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Meet the Irish underage star who turned down England

Hayden Hyde is now lighting it up with the U20s after rejecting the RFU’s approach to switch allegiance.

Hyde in action against Australia.
Hyde in action against Australia.
Image: Oisin Keniry/INPHO

THIS IS NOT another Declan Rice or Jack Grealish story. The accent may be similar but the path is different; a kid leaving his comfort zone to pitch up in Belfast with nothing more than a dream in his head and a pair of boots in his hands.

Hayden Hyde had the choice of staying. Harlequins wanted him, and so, incidentally did England. He was practically at the airport when they called, selling him their vision of where he’d fit into their plans. The only words Hyde said to them were sorry, not interested.

By that stage, he’d already been in the Ireland set-up for three years, playing for the Ireland U18 school side, featuring for the Exiles – ‘getting my name out there’. His name was certainly out there on the RFU’s radar. They picked him for a training camp just when Hyde was about to sit his A Levels – incidentally at the same school in Surrey, where Munster’s Sammy Arnold studied.

It (England) wasn’t really a viable option,” Hyde says. “I mean, playing for Ireland has been a big dream of mine, it has just been really nice to make it a reality. When England made their approach, I just declined. For me, it was always Ireland. 

“It is not any bash on the English system, it’s just Ireland have always been the one that’s been there from a very young age. I know it would have been more comfortable for me to stay at home (with his parents in Surrey) but I’ve always wanted to do this (represent Ireland). So it was an easy enough decision to make.”

The hard bit was giving up the luxury of the mother’s home cooking and becoming a teenage stranger in a new city – his mother’s relatives being from Dublin rather than Belfast. Yet it’s a well-trodden path; Kieran Treadwell making a successful move prior to him and before that, Arnold. “Sammy and I spoke quite a bit,” Hyde says. “He was a big influence in me coming over, talking me through the whole process; the pros and cons of it. Obviously you have a lot more opportunity (of making it within the Irish provincial system) with a smaller player base. You have really, really good high quality coaching on top of that as well. It was really nice to have someone out there who knows the process.”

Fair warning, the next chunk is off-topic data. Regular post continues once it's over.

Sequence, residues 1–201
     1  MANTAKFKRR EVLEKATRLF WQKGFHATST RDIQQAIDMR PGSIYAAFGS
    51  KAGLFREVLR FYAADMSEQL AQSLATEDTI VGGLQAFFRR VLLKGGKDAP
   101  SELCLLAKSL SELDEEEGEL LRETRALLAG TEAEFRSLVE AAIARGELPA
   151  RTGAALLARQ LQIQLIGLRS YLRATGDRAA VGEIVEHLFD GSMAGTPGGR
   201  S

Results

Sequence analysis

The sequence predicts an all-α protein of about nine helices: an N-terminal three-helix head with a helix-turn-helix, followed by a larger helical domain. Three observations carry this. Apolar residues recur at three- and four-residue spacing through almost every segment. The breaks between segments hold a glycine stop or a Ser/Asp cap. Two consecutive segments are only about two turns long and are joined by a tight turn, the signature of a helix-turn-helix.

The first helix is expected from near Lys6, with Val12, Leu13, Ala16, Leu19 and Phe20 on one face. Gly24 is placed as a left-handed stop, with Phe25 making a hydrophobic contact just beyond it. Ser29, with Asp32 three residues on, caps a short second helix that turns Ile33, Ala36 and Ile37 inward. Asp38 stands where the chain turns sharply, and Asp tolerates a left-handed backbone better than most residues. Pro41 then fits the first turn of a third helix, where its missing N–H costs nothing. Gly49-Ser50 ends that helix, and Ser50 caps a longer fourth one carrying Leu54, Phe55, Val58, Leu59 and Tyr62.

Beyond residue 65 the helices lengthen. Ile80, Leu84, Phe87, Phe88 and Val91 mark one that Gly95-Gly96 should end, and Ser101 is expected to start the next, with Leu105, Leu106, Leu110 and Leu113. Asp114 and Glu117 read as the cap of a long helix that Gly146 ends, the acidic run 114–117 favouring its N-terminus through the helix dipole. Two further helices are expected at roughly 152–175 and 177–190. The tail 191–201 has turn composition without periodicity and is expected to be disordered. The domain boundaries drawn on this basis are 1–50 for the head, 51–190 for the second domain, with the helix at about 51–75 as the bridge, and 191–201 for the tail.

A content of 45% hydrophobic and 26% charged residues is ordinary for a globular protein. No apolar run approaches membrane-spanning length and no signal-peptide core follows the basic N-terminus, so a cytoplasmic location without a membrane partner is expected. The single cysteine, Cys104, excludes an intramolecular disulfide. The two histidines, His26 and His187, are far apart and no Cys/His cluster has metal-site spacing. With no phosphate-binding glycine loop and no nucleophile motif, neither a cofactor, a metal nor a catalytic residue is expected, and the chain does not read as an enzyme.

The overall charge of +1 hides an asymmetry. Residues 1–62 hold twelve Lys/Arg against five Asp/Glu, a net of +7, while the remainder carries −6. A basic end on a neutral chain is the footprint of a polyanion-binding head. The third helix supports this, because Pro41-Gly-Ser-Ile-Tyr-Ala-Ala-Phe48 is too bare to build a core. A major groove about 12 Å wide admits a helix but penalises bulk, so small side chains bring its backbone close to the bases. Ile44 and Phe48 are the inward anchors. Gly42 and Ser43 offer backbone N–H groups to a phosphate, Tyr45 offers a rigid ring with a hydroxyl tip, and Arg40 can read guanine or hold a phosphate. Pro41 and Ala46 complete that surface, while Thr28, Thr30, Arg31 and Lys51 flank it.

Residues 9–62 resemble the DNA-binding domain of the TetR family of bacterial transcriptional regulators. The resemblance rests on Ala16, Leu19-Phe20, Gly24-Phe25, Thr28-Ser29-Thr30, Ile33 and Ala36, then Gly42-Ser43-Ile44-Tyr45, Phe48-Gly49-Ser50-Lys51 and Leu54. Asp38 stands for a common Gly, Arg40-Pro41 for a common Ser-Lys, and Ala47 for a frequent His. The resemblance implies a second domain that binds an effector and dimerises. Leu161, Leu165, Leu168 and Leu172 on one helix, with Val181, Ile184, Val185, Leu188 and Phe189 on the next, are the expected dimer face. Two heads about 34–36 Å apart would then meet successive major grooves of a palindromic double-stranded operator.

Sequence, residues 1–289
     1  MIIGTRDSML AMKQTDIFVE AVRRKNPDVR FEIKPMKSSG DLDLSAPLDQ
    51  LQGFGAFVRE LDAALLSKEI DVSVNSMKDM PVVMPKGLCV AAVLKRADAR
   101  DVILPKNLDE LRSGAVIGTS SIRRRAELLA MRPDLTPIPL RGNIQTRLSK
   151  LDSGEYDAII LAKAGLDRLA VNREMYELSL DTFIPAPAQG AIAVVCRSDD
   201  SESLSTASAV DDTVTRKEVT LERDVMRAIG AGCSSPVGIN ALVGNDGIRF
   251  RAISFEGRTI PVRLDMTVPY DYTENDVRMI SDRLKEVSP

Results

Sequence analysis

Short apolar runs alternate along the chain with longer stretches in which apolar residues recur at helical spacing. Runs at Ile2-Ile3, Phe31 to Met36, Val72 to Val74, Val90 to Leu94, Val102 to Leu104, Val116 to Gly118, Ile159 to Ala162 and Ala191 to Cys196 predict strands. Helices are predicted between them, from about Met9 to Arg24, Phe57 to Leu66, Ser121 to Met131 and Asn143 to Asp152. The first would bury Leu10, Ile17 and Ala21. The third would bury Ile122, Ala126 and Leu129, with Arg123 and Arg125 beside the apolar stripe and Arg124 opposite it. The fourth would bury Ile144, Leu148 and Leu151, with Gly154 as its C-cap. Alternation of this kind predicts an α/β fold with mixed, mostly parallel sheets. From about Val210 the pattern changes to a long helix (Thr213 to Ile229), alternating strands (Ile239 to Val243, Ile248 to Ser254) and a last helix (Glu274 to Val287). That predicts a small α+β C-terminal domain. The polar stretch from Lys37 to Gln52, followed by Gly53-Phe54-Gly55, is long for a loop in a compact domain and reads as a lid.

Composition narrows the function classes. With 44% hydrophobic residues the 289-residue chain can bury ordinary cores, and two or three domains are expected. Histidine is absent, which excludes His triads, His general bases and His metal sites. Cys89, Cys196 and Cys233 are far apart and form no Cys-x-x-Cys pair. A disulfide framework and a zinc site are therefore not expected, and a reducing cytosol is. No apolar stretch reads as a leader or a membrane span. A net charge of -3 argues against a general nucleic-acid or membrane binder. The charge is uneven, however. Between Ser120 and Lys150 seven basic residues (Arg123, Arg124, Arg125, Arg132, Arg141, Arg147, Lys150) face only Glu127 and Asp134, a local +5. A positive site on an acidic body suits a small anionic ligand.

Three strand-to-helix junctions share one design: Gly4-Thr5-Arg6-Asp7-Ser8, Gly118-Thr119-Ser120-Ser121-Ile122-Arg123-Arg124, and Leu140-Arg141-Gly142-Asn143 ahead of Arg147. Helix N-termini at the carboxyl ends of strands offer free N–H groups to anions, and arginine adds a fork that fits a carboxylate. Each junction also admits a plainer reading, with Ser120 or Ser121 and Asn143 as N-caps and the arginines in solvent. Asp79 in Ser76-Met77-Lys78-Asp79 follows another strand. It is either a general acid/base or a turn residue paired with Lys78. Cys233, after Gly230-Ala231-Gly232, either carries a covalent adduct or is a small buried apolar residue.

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hayden-hyde Hyde in training with the Irish U20s. Source: Oisin Keniry/INPHO

More to the point, those inside the system knew all about him, his switch at U16 level from second row to backrow, and then a year later to centre. “That’s when everything kicked off,” he said.

He has potential. Anyone who saw him play for Ulster in last year’s Celtic Cup final will make that point. “Senior rugby game was a bit of a shock at first; the physicality was huge. When you get a few games you get a bit more comfortable with it. It was just nice to have a good game on a biggish stage like that.”

Now he’s on an even bigger platform, U20 Six Nations, games broadcast live on television, sold-out signs outside Musgrave Park, Scotland up first on Friday. “Everyone has been pushing to get the squad closer together initially,” Hyde says. “Just getting everyone on the same wavelength; there was a bit push in the Fota Island camp. Now it is about getting ourselves ready for a game, everyone is buzzing about it. It’s a big part of a young player’s career, a huge stage to be playing on. Everyone is really excited and feels the same way.”

About the author:

Garry Doyle

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